Dallas Morning News, et al. v. Hall ex rel. RXPress Pharmacies and XPress Compounding, No. 02-16-00371-CV (Tex. App. 2nd Dist.) May 25, 2017
Blogger’s Note: The opinion announced here serves as something of a cautionary tale to reporters and editors to take care to separate the wheat from the chaff in reporting on the existence of federal investigations. Most significantly, the opinion suggests that selecting particular statements from one proceedings as evidence of other matters requires caution lest any resulting distortion give rise to liability.
The Dallas Morning News appealed denial of its motion to dismiss related pharmaceutical entities’ defamation claims following publication of articles suggesting that RXPress and XPress Compounding engaged in unlawful kickbacks, engaged in health care fraud and were the subjects of federal investigations.
Pharmaceutical compounding provides tailor-made medications, generating not only substantial public interest but also controversy concerning marketing, pricing, and benefit providers’ manipulation of coverage of compound component ingredients. High profile federal investigations and prosecutions have ensued.
In early 2016, the Dallas Morning News published articles indicating that RXPress was under federal investigation for violations of anti-kickback laws and that RXPress had been thrown out of a private health insurance network because of suspected fraud. RXPress Pharmacies and XPress Compounding commenced suit immediately.
Concerning the falsity that a defamation plaintiff must establish, the Texas Court of Appeals observed that courts overlook minor matters and look to the substance — the gist — of published statements in the context of all surrounding circumstances what an ordinary person would perceive. If publication of a statement is more damaging that a true publication would be, then it is not substantially true and is actionable.
Dallas Morning News’ specifically mentioned RXPress in connection with federal fraud investigations of compounding pharmacies. Its reporting on severance of the relationship between RXPress and a benefit provider alluded to the fraud investigations into compounding pharmacies. The mention of RXPress in the context of other investigations might fairly lead a person of ordinary intelligence to believe that RXPress was the subject of investigation, the court found.
The appellate court dismissed Dallas Morning News‘ argument that its publication that RXPress was under federal investigation was not false because a search warrant mentioning RXPress and its principals issued to an individual who did not obtain employment with RXPress, as this alone would not establish that RXPress was under investigation.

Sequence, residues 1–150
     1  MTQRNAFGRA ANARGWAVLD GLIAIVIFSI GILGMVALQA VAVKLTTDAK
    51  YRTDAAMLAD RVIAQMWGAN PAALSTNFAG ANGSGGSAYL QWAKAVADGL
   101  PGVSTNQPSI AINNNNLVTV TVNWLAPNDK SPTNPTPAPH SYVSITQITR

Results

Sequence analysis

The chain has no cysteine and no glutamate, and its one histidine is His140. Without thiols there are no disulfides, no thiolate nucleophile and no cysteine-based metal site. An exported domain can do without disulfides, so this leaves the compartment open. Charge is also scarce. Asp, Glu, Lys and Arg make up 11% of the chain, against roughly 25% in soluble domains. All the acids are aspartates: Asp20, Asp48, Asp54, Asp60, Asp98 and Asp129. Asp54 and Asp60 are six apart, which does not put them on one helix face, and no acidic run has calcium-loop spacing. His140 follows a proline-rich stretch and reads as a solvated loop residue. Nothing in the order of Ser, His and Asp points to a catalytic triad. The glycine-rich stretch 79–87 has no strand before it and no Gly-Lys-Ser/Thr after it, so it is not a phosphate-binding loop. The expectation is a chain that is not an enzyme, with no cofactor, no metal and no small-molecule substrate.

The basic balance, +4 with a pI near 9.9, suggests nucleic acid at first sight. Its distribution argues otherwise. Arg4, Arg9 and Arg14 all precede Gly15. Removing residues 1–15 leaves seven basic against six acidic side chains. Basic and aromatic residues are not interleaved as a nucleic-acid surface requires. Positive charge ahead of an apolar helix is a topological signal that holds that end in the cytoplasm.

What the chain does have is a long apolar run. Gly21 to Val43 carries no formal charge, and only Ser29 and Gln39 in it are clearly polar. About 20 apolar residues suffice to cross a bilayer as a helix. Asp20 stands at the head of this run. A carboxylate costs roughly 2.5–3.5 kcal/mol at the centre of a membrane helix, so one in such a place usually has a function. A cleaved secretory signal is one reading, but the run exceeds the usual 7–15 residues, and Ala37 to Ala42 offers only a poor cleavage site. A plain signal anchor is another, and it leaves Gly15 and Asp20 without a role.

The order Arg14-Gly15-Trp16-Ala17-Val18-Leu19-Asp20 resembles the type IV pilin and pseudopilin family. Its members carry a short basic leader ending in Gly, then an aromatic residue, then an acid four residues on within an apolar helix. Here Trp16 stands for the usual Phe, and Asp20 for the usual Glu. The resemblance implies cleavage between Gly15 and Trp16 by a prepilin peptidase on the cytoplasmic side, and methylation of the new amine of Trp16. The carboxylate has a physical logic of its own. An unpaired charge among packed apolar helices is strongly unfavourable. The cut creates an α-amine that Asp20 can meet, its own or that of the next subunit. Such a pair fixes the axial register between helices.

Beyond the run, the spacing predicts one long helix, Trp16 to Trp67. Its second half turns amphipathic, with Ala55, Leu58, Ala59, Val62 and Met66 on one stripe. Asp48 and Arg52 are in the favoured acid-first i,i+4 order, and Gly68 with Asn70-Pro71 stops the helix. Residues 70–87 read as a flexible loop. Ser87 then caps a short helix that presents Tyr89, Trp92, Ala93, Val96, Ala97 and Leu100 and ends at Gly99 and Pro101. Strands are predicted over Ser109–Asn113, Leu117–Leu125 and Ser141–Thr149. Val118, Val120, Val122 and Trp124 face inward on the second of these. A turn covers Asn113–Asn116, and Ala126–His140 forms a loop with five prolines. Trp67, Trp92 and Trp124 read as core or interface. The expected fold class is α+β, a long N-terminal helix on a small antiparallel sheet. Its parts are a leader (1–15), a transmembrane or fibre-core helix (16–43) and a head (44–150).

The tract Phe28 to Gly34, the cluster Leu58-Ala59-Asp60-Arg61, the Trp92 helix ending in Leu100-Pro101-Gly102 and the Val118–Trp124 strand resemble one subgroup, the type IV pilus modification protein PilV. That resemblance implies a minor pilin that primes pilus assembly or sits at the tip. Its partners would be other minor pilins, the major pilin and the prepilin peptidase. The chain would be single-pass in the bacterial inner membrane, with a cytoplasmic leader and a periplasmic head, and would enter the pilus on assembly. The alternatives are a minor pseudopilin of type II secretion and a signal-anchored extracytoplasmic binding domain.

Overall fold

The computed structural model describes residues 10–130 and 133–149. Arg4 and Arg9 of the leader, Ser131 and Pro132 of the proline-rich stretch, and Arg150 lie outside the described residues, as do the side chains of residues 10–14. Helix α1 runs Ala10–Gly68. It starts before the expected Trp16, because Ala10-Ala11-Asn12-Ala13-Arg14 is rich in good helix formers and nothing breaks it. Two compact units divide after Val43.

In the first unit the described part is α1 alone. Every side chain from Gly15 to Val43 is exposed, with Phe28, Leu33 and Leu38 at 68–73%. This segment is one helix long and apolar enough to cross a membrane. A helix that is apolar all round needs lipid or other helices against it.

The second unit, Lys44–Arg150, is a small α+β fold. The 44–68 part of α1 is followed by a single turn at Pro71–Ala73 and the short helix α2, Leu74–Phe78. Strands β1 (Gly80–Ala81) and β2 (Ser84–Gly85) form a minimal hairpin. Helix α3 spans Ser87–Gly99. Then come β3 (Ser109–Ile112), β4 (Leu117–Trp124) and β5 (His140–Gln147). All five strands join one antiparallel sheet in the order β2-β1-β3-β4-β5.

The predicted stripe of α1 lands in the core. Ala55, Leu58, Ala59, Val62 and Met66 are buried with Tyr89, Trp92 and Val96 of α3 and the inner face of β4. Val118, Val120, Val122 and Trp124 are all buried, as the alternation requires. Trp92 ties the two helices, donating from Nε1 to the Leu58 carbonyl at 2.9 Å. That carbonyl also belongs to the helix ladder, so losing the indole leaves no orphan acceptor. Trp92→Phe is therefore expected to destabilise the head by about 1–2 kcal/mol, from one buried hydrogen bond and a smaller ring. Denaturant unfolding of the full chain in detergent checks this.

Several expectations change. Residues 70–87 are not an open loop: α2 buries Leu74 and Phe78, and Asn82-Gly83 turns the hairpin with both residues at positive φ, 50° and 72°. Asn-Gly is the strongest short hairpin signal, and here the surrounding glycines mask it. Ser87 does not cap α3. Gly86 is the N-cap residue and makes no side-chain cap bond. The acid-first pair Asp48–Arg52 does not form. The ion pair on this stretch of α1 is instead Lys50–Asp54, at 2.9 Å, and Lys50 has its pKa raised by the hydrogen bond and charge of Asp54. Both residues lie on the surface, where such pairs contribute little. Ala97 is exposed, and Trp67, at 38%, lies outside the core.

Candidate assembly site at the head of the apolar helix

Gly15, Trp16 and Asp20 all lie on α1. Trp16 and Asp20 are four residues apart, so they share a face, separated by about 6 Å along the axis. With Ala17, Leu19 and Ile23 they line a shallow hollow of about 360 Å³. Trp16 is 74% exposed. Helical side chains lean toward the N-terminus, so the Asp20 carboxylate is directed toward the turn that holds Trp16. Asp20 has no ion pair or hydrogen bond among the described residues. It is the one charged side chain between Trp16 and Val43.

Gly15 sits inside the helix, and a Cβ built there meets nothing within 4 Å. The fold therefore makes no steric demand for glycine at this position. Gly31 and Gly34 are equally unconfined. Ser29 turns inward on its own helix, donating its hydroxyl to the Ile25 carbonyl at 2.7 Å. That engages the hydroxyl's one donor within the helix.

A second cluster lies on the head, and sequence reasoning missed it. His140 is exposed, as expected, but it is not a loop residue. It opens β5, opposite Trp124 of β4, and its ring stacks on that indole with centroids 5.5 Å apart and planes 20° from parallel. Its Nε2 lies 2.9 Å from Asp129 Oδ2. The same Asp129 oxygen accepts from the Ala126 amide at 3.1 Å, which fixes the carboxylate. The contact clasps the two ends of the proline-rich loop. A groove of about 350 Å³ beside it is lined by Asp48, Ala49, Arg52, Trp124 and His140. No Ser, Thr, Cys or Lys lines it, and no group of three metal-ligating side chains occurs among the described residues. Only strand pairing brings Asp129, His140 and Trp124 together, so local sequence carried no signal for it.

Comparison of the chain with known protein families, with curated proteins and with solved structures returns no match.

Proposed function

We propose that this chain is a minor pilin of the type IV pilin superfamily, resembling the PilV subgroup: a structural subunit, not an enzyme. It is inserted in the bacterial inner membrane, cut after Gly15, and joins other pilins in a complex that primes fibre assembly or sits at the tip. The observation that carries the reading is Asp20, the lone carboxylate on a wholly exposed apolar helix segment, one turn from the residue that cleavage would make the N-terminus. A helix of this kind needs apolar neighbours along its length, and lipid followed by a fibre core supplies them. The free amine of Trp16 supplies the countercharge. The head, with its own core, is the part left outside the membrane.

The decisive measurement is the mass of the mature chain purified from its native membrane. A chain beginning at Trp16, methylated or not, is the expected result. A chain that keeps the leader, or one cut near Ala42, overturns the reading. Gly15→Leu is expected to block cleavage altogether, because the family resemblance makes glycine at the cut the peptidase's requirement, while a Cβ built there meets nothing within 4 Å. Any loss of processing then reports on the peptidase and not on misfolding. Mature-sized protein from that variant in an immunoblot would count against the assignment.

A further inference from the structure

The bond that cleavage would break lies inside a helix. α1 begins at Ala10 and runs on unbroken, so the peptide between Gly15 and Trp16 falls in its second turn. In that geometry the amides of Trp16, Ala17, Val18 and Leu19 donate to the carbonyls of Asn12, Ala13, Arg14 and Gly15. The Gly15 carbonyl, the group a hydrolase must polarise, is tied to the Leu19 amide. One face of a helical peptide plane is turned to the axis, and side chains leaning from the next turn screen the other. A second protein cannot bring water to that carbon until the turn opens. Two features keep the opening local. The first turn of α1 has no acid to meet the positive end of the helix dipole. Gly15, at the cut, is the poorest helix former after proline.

The appellate court also rejected the Dallas Morning News‘ assertion that RXPress’s founder could not testify to whether the company aw under investigation as he was without personal knowledge of whether that was true. He was by necessity aware of company goings-on and was amply qualified to testify to the financial consequences RXPress suffered following the Dallas Morning News stories.
Neither could the News avail itself of any reporting privilege that attaches to true, fair and impartial coverage of judicial proceedings or to accurate publication of third-party allegations. The court noted in passing its doubt concerning the applicability of privilege to court pleadings. The court found that RXPress had met its burden of showing by clear and specific evidence that the allegedly privileged matters were not substantially true, thereby negating any claimed privilege.
The Morning News’ account indicated that RXPress paid kickbacks to doctors, that investigations questioned the ethics of relationships between pharmacies and doctors, and that the kickback information had its origin in litigation between RXPress and its former accountant. Reading the statement s in the contact of statements about federal fraud investigation, a reasonable reader would concluded that, like companies accused of federal fraud, RXPress had violated federal anti-healthcare fraud laws.
The Morning News published statements allegedly made by benefit provider Prime Therapeutics and drawn from “court records,” claiming massive errors in RXPress reimbursement claims. The article’s headline asserted that RXPress was under federal investigation and that relations with a benefit provider were severed because of suspected fraud. This also would prompt an ordinary person to conclude that RXPress had been accused of wrongdoing by the federal government.
RXPress met its burden of establishing the absence of substantial truth in the third-party accounts as well. The court found that the Morning News selected from statements from the RXPress litigation with its accountants and presented them in the context of alleged health care frauds, which created the impression that matters were worse than the singular original sources would suggest.
As the Dallas Morning News had failed to provide evidence sufficient to permit early dismissal under the state’s public participation statute, the appellate court concluded that the pharmaceutical companies case could proceed.